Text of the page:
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U.S. jobless claims exceed 5 million

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The total number of people in the U.S. receiving unemployment benefits increased more than expected during the week ending Feb. 20, pushing past 5.1 million, according to MSNBC.com.

New jobless claims last week rose to 667,000 from 631,000 the previous week; analysts had expected a small drop in jobless claims. The four-week average of initial claims increased to 639,000, which is the highest in more than 26 years.

These numbers seem to reinforce the fact that not only are employers continuing to shed jobs to survive in the current economy, but unemployed people are having a difficult time finding jobs. Consumers also have been scaling back on spending, which, in turn, has affected employers.

Companies are "becoming extremely cautious and ... shelving their capital spending plan and working with the minimum possible work force," says Zach Pandl, an economist at Normura Securities International, New York.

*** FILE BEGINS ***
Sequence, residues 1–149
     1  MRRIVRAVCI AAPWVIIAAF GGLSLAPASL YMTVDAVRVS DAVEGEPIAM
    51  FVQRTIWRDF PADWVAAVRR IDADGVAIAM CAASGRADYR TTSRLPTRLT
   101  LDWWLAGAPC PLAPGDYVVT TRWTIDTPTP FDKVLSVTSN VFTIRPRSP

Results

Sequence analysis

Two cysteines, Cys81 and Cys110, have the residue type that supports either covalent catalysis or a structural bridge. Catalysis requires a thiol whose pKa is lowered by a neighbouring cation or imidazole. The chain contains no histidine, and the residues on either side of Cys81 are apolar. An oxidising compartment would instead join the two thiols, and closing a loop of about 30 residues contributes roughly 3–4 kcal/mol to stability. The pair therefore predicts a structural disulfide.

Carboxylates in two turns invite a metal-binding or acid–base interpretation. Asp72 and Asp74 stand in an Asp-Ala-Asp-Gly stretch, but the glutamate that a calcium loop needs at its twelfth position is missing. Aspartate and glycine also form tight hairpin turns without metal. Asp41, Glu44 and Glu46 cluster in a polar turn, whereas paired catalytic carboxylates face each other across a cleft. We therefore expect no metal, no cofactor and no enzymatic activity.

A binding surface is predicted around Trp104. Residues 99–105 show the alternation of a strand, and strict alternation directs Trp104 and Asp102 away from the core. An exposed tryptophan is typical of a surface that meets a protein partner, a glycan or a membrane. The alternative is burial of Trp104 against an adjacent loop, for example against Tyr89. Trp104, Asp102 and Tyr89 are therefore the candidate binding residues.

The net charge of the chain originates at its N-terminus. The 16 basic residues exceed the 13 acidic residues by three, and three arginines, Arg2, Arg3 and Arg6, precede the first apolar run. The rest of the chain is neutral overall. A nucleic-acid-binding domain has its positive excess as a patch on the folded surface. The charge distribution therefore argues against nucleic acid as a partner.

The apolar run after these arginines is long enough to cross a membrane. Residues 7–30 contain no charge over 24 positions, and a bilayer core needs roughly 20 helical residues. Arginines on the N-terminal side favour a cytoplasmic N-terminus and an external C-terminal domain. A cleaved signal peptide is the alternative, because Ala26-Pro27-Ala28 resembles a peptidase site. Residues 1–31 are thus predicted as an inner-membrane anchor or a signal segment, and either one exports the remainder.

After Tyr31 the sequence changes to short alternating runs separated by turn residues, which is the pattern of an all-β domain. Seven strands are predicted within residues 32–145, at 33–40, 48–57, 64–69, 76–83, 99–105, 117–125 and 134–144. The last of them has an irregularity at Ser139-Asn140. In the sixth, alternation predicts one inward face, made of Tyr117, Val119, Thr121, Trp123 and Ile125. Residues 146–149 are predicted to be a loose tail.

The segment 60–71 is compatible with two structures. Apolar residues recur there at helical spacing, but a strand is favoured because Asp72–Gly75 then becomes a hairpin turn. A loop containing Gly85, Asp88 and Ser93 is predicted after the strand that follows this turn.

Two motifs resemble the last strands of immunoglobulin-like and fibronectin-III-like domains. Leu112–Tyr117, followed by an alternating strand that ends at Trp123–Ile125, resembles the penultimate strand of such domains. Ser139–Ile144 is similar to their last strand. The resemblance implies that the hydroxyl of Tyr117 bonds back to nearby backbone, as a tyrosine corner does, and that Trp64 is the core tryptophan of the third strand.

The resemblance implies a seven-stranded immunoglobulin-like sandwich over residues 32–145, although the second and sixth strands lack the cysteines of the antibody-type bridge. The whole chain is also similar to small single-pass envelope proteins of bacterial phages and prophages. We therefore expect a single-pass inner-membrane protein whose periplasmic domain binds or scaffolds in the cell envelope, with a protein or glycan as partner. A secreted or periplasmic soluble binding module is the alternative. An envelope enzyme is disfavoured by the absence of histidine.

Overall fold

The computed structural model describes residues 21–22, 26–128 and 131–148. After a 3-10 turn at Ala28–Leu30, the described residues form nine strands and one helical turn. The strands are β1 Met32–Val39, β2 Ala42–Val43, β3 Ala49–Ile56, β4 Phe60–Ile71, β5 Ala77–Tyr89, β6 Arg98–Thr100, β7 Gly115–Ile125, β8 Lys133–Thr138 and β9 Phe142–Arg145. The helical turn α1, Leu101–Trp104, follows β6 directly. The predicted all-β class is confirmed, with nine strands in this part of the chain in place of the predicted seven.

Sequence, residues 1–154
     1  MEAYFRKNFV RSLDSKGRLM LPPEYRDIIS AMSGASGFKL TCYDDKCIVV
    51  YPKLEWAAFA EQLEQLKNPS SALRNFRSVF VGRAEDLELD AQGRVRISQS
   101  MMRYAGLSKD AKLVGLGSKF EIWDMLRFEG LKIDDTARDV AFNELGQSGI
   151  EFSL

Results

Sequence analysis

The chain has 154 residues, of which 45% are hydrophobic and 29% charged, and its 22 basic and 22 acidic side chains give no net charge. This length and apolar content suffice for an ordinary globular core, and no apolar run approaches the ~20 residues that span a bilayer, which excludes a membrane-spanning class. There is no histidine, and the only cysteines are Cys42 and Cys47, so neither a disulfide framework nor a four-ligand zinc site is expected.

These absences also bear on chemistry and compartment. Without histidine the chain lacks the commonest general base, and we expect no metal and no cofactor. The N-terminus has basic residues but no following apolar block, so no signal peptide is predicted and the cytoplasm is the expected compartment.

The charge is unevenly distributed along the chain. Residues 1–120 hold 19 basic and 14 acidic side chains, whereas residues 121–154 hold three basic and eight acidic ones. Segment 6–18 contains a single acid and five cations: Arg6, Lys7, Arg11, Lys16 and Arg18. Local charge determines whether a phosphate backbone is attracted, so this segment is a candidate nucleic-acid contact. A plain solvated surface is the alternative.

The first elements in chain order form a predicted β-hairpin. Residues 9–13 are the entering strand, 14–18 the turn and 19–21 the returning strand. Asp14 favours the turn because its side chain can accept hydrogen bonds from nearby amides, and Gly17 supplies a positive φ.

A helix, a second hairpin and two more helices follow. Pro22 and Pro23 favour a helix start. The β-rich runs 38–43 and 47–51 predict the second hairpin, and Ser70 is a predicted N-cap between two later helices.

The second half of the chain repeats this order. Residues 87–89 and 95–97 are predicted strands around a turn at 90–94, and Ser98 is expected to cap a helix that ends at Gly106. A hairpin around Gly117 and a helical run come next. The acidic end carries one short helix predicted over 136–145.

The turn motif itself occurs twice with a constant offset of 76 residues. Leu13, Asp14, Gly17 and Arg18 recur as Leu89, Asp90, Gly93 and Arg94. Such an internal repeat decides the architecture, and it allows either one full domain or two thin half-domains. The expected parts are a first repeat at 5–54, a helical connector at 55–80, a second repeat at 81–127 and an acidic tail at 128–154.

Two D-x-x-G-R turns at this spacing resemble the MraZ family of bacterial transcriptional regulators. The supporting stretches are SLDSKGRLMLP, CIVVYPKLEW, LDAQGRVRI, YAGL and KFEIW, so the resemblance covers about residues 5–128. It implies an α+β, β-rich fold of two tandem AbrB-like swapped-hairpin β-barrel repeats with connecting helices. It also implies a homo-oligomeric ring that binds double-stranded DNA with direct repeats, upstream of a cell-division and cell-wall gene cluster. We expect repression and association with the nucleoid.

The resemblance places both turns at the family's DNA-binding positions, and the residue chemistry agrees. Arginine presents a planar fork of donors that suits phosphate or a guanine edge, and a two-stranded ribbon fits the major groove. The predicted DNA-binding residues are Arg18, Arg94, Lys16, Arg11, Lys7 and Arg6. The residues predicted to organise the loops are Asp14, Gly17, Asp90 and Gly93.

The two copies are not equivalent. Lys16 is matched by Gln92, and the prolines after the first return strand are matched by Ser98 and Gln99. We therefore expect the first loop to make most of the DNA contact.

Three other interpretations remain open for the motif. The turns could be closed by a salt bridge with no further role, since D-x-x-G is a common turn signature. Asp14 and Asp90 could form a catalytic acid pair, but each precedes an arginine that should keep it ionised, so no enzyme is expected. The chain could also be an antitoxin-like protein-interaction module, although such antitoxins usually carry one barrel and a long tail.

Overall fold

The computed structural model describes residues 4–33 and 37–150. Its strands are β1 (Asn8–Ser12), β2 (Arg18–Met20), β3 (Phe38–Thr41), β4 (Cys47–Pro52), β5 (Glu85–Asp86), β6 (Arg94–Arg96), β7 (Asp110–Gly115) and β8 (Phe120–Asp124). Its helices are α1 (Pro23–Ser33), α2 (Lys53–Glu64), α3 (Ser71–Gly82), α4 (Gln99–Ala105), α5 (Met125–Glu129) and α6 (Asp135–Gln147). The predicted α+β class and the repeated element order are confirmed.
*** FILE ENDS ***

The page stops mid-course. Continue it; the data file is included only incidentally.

The number of people receiving unemployment insurance for more than one week reached more than 5.1 million; it was about 2.8 million one year ago. An additional 1.4 million people were receiving benefits under an extended unemployment compensation program, bringing the jobless claims total to 6.5 million.

Employers cut a total of 600,000 jobs in January, increasing the unemployment rate to 7.6 percent. More job losses were announced this week, including 12,000 from JPMorgan Chase & Co., New York; 169 in the National Football League (NFL), as well as a 20 percent pay cut for NFL commissioner Roger Goodell; and 650 at Spartanburg, S.C.-based Milliken & Co. textile facilities.


2/27/2009

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